By: Low Carbon Hub
Oxford’s Low Carbon Hub has led a winning bid for £1.6m of European Regional Development funding that will be used to foster low carbon economic development in the county over the next three years. This funding will be matched with another £1.6m, the majority of which will come from six partners, which were also involved in the bid. The partners will work together to implement the project.
The low carbon sector is already an important part of Oxfordshire’s economy. Annually it accounts for 7% of Oxfordshire’s revenue, with 570 businesses earning over £1bn in sales. Through the project, known as OxFutures, the partners will increase the number of innovative low carbon businesses, ensuring that even more of the £1.5 billion that Oxfordshire spends annually on energy stays in the county.
OxFutures will increase renewable energy generation by facilitating the sharing of knowledge between academics, local authorities and small / medium enterprises (SMEs); encouraging networking between SMEs; and offering grants for new products, new start-ups and energy-efficiency measures. The result will be an improvement in air quality in the city, a reduction in energy bills and CO2 emissions and a boost to the local economy.
The project will build on the success of the first phase of OxFutures which originated as a partnership between Oxford City Council, Oxfordshire County Council, and the Low Carbon Hub. During the first phase, a four-year EU-funded programme, £18 million of investments were leveraged into local renewable energy and energy efficiency projects.
The project partners will each play a vital role in OxFutures and have a strong history of working together:
The Low Carbon Hub is a social enterprise that develops community-owned renewable energy projects and supports low carbon groups in Oxfordshire. The Hub will manage the project funding and will be the first point of contact for local SMEs that want to apply for start-up funding or grants. Working alongside Bioregional, via a new networking centre called Oxfordshire GreenTech, it will also coordinate knowledge sharing between SMEs and the two universities with the goal of connecting more renewable energy across Oxfordshire.
Oxford City Council has ambitious plans to reduce the City’s carbon emissions by 40% by 2020. Its role in OxFutures will be to collaborate with SMEs and the two universities on Oxford’s transition to Electric Vehicles (EVs). Chargers will soon be installed across the city and the introduction of EVs will drastically improve air quality while encouraging renewables through providing a means of storing and utilising locally generated green energy.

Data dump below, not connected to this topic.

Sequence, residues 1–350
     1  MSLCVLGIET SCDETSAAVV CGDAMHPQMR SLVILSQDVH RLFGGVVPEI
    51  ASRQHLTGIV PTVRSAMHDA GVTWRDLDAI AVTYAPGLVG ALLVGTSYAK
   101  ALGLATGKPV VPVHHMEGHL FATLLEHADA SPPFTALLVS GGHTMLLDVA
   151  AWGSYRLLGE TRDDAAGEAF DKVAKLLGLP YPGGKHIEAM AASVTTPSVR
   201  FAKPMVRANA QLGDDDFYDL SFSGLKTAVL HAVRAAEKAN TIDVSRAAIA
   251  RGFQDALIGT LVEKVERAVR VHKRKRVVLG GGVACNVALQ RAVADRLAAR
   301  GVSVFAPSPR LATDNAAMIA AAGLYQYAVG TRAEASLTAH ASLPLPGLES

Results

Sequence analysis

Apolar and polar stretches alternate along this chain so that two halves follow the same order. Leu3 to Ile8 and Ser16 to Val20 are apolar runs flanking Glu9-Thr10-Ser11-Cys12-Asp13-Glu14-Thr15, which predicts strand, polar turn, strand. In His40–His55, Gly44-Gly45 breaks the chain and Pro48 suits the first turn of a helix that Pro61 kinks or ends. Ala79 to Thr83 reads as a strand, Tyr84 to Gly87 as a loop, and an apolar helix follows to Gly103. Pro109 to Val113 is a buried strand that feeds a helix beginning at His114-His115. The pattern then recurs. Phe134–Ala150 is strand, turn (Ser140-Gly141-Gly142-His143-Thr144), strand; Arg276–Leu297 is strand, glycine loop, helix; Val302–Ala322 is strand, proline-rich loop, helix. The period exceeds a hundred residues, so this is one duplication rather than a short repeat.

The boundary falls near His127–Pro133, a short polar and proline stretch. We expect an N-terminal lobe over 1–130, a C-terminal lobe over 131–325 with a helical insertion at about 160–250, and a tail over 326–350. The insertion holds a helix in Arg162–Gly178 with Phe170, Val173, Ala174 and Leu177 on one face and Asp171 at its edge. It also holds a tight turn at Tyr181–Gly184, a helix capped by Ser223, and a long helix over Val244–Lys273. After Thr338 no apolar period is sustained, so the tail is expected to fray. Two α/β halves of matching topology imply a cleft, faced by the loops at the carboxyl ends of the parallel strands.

Cherwell District Council is working with Bioregional, a charity and social enterprise that works with partners to create better places for people to live, work and do business within the natural limits of the planet – this is called One Planet Living. Together, they will be developing Oxfordshire GreenTech, a countywide business network which will support its members to create sustainable workplaces, logistics, products and services for a stronger, greener economy. Members will share knowledge, form partnerships and potentially work together on joint funding bids, and will have access to research from both universities.
Oxford Brookes University (OBU) will offer SMEs free energy audits; with any recommendations that come out of the audits being part-funded through grants accessed via the Low Carbon Hub. Oxford Institute for Sustainable Development in OBU will build on work already done in Bicester by developing a region-wide case study of its LEMUR energy demand model using the acclaimed DECoRuM carbon mapping model, which identifies areas with high levels of energy inefficient housing and retrofits homes to reduce household energy consumption. OISD will also share learning from its research on smart energy technologies (Project ERIC) with SMEs via GreenTech.
Oxford University’s ‘Oxford Martin Programme on Integrating Renewable Energy’ project investigates methods of integrating modern renewable energy technologies into national, regional and local grids. Through OxFutures, the university will use Oxfordshire as the first regional case study for this work with the goal of SMEs making this research a reality for the county.
SMEs wanting to register interest in joining Oxfordshire GreenTech, applying for grant funding and / or applying for a free energy audit should contact the Low Carbon Hub.
We are reaching a tipping point where the growth of renewables and advances in technology are combining to make green energy the most economically sensible choice as well as the right choice for the future of our planet. Through OxFutures we are bringing together some of the most important low carbon players in Oxfordshire to ensure the county benefits both financially and environmentally from this energy revolution.
Dr Barbara Hammond, MBE – Chief Executive, Low Carbon Hub
European Regional Development Fund: The project is receiving up to £1.6m of funding from the England European Regional Development Fund (ERDF) as part of the European Structural and Investment Funds Growth Programme 2014-2020. The Department for Communities and Local Government is the Managing Authority for ERDF. Established by the European Union, ERDF funds help local areas stimulate their economic development by investing in projects which will support innovation, businesses, create jobs and local community regenerations. For more information visit https://www.gov.uk/european-growth-funding
This article first appeared on 14th July 2017 on the website of the Low Carbon Hub.